They came, and they stumped. Some facing long odds, some with no opponent at all. They took to the microphone, looked out into the late afternoon sun and spoke their piece on taxes, schools, jobs, crime, the role of government, leadership, the Constitution.

They all want your vote.

Seventeen candidates gathered Thursday afternoon for a come-one, come-all event on the lawn outside the Independence Chamber of Commerce office just off the Square.

“Let’s get out the vote!” exhorted one, Mark S. Memoly, who’s running for Congress.

A sampling of each:

Jackson County

• Raymond Wilson, a Republican from Independence, is running in the 3rd District, which covers Sugar Creek and Independence north of Interstate 70. He and Constitution Party candidate Richard McKie of Independence face Democratic incumbent Dennis Waits of Independence in November. All are unopposed in next Tuesday’s primary.

“Basically I’m a Republican – mainstream – with some libertarian leanings,” Wilson said. He said key issues are integrity and respect, and he favors limited government.

“I’m a political novice, but I’m not a management novice,” he said.

• McKie, a retired letter carrier, said, “An elected official should be a servant of the people. He should follow the Constitution and listen to God.”

He also favors limited government.

“Our country and county cannot fund everything,” he said.

• Sherwood Smith of Kansas City is running in Tuesday’s Democratic primary in the 1st District at-large. That district includes Independence, Blue Springs, Grain Valley and the northeastern parts of the county as well as parts of Kansas City, but all county voters vote in at large races. It’s an open seat; Legislator Theresa Garza-Ruiz is leaving after two terms.

Smith is running against former Kansas City Royals player Frank White, and he said “there’s two good guys running for office” but he would be the only one about to hit the ground running.

“I can say, in the race I’m in, there’s only one candidate who’s passed legislation on the city level, the county level and the state level,” he said.

He’s a 36-year Kansas City firefighter and is the political director of Local 42 of the International Association of Fire Fighters.

“That has given me the opportunity to be immersed in policy issues, legislation issues, negotiation issues, political issues,” he said.

On the Republican side, Weldon Woodward of Levasy is running as what he calls a “Truman Republican.”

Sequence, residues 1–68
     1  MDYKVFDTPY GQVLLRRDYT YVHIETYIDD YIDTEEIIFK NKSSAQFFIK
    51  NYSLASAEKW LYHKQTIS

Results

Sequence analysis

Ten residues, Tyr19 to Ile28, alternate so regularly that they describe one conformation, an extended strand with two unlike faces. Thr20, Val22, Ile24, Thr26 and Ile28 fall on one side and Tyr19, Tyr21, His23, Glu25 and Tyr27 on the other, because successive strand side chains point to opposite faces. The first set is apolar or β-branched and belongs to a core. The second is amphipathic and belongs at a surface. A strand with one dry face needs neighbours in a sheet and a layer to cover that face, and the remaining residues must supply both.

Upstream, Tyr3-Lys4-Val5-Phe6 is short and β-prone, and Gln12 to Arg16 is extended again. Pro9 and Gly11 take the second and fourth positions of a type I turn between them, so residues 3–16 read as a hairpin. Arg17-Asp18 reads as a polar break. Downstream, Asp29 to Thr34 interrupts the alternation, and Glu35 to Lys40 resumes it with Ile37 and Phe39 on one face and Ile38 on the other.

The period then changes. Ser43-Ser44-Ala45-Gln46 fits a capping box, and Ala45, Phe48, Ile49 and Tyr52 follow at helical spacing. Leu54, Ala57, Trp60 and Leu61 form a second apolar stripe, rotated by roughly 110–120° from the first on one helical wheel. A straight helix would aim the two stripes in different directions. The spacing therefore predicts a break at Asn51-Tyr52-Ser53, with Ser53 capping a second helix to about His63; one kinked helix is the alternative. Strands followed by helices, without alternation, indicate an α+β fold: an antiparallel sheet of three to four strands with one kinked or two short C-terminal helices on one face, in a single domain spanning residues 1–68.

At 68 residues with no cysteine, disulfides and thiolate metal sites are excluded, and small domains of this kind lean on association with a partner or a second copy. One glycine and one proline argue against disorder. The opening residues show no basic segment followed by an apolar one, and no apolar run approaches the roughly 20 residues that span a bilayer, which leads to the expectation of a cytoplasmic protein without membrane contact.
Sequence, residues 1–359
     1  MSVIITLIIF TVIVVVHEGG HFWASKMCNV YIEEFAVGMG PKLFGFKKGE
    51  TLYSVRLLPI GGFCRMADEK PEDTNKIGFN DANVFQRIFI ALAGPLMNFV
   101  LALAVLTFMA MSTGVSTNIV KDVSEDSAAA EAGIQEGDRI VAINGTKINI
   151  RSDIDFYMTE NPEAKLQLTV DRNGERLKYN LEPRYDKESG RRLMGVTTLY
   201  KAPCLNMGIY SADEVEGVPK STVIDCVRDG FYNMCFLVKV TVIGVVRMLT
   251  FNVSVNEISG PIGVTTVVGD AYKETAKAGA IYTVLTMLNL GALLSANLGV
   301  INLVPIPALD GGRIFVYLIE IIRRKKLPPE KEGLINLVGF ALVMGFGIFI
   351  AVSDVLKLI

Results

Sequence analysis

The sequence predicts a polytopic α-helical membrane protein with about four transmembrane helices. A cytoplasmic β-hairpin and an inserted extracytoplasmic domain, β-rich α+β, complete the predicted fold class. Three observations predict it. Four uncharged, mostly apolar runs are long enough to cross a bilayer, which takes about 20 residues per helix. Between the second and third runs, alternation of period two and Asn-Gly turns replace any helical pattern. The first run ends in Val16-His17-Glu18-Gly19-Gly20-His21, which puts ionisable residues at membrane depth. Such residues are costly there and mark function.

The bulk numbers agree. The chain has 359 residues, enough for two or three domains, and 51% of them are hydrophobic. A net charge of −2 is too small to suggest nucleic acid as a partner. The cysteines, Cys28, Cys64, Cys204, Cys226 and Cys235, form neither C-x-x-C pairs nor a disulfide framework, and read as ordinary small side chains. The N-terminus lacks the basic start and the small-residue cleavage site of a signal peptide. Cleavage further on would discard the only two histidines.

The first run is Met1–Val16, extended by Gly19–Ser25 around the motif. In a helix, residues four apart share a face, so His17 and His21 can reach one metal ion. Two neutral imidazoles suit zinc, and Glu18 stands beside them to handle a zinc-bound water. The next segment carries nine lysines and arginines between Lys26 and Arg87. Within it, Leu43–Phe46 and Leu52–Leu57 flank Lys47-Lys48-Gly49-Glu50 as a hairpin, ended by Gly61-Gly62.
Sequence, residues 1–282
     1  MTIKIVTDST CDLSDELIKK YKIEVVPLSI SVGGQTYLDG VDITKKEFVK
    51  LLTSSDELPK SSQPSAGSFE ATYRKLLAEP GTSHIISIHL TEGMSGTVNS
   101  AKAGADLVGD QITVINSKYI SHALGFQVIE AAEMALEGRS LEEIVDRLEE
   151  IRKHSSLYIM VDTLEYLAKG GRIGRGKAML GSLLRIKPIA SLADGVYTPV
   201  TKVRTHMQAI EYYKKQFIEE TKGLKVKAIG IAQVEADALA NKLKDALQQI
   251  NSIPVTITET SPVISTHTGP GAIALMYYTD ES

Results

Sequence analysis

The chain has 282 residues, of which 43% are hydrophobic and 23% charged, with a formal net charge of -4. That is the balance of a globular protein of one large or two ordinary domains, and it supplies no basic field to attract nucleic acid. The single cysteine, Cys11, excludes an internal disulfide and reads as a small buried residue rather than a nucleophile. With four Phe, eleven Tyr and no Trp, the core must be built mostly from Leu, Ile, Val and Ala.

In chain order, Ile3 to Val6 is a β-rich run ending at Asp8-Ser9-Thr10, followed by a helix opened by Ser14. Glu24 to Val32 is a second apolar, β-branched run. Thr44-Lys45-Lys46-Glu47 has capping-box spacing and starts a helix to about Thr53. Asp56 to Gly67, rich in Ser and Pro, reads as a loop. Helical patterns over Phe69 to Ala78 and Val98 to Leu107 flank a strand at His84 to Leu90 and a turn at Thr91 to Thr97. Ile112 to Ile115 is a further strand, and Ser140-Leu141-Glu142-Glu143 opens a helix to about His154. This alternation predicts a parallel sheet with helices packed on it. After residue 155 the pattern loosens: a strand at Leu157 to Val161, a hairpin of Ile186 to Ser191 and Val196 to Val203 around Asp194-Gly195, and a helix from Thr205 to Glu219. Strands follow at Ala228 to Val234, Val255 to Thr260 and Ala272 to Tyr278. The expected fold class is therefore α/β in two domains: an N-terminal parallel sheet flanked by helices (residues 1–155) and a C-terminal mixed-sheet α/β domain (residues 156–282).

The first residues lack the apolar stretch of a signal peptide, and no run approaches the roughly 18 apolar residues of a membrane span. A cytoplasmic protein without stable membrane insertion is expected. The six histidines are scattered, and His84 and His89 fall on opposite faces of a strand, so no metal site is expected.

He wants to get rid of the county’s personal property tax, which is mainly levied on vehicles and boats, and replace it with a temporary one-eighth-cent sales that can be dropped once economic growth picks up.

He’s focusing on a simple, grass-roots campaign.

“I do not have a campaign fund. I did that on purpose,” he said.

• Tony Miller, a Democrat, is the only candidate running for the 3rd District at-large seating being vacated by Legislator Fred Arbanas, who is retiring. The district is roughly the southern one-third of the county.

Miller, of Lee’s Summit, is an attorney with offices in the River Market but stressed that Eastern Jackson County is home.

“I look forward to being accessible,” he said.

• Sterling Brown of Raytown is one of three Democrats running for an open seat in the 2nd District, which includes Raytown plus the central, east and south parts of Kansas City. He said the political conversation between the people and elected officials, particularly in the urban core, “is broken.”

People need information and access, he said.

“Dialogue is the pure and absolute foundation ... of building consensus,” he said.

• Brice Stewart of Independence is a Republican running for county executive against Democrat Mike Sanders, of Independence, seeking a third four-year term. He works in the county’s information technology program and say he sees waste. He gave Sanders credit for cutting the county budget and not raising taxes during the recession but said Sanders and his administration “have still wasted millions.” Stewart wants to cut taxes and have a smaller, less intrusive government.

He noted that Sanders has raised a lot of money considering that it’s a local race and questioned whether Sanders will run for higher office or stick around for the long haul. He conceded, “This is going to be a tough election for me.”

Missouri House of Representatives

• John Mayfield, a Democrat from Independence, is running for a second two-year term in the 20th District, which runs from Sugar Creek to Buckner and includes much of northern and eastern Independence.

“I think we all have the same concerns. The first is jobs,” he said, adding that he favors tax breaks for small business.

“Education’s the biggest economic development tool we have. ... We’re really behind in this country in science and technology and engineering and mathematics,” he said.